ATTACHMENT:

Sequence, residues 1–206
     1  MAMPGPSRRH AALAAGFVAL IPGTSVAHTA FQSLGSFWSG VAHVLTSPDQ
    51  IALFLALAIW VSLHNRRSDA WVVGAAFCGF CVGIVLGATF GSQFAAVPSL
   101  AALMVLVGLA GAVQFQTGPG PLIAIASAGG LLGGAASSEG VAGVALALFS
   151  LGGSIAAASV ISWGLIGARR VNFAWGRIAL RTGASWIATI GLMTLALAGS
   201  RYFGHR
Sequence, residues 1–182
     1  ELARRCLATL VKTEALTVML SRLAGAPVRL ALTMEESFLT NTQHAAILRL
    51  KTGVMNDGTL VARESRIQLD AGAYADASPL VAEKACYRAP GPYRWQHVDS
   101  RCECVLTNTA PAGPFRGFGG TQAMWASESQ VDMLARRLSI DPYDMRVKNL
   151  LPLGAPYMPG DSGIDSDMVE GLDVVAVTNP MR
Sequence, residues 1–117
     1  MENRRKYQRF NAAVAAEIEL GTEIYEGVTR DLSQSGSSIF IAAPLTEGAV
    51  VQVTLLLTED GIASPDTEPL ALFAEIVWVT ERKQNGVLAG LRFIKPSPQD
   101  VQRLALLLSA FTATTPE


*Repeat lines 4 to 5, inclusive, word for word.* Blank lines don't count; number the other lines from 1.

   101  AALMVLVGLA GAVQFQTGPG PLIAIASAGG LLGGAASSEG VAGVALALFS
   151  LGGSIAAASV ISWGLIGARR VNFAWGRIAL RTGASWIATI GLMTLALAGS